Moisturizing

Moisturizers, like creams and lotions, can help hydrate the outermost layer of the skin. They’re often essential for managing skin conditions that cause itching and dryness.

A good moisturizer will contain humectants and emollients. Humectants draw water into the skin, while emollients form a protective glaze over the skin’s surface, which helps lock in moisture.

It is best to use moisturizers soon after a shower or shower, while the skin remains a touch damp.

The NEA provide the subsequent tips on developing an honest moisturizing routine:

  • Use a moisturizer with high oil content
  • moisturize hands whenever they need inherit contact with water
  • moisturize before getting to bed to assist the skin stay hydrated through the night

Avoiding irritants

According to the American Academy of Dermatology, people should avoid possible irritants, as they’ll make itchiness worse. Possible irritants include:

Hot water

Bathing and showering in hot water remove moisture from the skin, making it more prone to dryness, redness, and itching. Reducing the water temperature even by a few degrees can help.

Temperature and humidity changes

Extreme changes in temperature and humidity can dry out the skin, causing flaking and itching. A humidifier can help to take care of indoor humidity within the dry summer months. It also can help to counteract the drying effects of a heating system during winter.

Fragranced skincare products

Some skincare products contain additives, like perfumes and artificial colors, which may cause or worsen skin irritation. People with itchy or sensitive skin should use fragrance-free and dye-free skincare products.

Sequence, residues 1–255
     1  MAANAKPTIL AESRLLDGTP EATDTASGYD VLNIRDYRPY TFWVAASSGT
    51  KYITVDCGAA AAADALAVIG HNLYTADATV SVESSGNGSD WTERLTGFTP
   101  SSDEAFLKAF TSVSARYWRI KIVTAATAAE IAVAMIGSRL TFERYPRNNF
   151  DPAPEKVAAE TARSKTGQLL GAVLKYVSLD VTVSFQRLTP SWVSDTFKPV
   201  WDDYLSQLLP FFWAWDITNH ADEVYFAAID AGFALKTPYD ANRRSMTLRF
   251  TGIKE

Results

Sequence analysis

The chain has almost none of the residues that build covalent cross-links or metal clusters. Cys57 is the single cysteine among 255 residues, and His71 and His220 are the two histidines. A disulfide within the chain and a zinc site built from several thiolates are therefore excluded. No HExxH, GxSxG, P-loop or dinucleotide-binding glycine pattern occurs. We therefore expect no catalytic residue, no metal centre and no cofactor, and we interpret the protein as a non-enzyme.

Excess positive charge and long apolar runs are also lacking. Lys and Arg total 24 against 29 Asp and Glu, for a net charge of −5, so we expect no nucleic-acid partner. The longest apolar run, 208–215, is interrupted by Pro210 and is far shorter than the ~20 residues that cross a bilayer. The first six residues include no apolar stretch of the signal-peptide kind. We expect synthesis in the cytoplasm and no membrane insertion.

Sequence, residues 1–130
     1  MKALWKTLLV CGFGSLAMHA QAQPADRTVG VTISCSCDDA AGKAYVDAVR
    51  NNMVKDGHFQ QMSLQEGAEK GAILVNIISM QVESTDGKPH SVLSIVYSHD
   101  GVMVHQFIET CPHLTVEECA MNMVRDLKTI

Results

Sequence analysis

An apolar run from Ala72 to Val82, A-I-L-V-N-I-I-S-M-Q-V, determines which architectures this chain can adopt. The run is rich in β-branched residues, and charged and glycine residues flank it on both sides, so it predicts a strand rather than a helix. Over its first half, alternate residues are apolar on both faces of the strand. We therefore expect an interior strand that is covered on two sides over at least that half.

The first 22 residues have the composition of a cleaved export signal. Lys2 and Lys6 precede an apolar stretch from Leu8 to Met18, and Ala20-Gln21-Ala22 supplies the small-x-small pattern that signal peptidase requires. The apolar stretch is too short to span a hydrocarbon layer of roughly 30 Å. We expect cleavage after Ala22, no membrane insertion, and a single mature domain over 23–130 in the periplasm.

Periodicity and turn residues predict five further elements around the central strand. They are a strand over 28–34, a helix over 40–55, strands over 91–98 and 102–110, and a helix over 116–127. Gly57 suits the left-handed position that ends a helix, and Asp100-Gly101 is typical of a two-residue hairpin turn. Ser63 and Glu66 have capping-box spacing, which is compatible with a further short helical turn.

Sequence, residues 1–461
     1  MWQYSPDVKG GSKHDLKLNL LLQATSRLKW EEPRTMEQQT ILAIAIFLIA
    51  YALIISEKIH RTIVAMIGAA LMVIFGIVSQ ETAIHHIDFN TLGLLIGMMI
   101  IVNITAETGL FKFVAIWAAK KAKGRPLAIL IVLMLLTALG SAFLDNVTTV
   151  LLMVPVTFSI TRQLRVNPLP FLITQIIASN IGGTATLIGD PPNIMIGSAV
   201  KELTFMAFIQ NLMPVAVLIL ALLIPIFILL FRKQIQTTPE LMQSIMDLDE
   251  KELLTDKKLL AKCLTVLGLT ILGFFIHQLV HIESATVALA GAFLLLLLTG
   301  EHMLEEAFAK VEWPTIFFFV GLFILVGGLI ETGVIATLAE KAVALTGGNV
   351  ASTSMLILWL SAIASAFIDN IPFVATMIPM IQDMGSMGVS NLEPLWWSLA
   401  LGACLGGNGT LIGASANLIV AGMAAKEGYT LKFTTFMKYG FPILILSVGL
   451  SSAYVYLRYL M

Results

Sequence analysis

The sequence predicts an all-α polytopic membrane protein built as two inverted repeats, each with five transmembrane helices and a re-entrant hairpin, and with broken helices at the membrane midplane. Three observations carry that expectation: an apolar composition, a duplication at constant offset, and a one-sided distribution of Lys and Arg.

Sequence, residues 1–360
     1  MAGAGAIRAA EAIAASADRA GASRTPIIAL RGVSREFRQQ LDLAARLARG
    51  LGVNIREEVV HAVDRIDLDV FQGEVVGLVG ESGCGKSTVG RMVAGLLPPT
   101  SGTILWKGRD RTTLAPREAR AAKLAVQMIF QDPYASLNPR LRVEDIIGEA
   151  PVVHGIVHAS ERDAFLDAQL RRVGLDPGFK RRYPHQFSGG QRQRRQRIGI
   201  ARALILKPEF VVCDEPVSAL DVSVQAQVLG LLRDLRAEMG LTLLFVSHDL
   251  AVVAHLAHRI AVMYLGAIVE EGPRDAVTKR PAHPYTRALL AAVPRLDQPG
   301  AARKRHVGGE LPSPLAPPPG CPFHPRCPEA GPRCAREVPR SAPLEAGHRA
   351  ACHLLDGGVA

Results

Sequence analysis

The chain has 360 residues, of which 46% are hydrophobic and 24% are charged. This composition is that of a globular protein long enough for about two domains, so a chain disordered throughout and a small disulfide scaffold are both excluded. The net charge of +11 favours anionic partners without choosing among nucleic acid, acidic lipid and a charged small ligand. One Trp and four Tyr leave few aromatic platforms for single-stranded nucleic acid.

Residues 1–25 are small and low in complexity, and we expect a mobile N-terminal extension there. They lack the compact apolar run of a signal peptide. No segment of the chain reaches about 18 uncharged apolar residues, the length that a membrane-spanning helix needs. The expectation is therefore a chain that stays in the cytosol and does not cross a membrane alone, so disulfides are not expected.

Wool and artificial fibers

Clothing made up of wool or synthetic fibers can feel rough against the skin, causing itchiness and irritation. Some people are more sensitive than others. People with itchy skin can prefer to wear loose-fitting cotton clothing whenever possible. Cotton allows the skin to breathe and prevents overheating.

Stress

Studies show that psychological stress can trigger itchingTrusted Source. People that experience increased itchiness in times of stress may enjoy trying specific stress-reduction techniques, like yoga and mindfulness meditation.

Ice the itch away

A hot shower isn’t always a cure-all: Heat and water exposure dial up the itch factor from mosquito bites, peeling sunburn, and dry skin alike by further drying out your skin, making it feel worse in the long-run.

A cold compress, on the other hand? The cold (and the anti-inflammatory benefits that come with it) can help relieve an itch. Aim for 10- to 15-minute icing sessions until your itch is resolved.

Try hydrocortisone cream

Over-the-counter hydrocortisone cream can help the itch that comes alongside many common skin conditions, says Dr. Charles. Search for an anti-itch cream with a minimum of 1% hydrocortisone to calm a must-scratch sensation, like this one from Cortizone 10.

Just note: If every week passes, and you’re still itching, stop using the cream and make a meeting with a dermatologist for a correct ID and treatment, per the National Institutes of Health.

Tips

  • If your itchy skin is affecting your daily life or doesn’t improve with home remedies, make an appointment with your doctor.
How to Get Rid of Itchy Skin with Home Remedies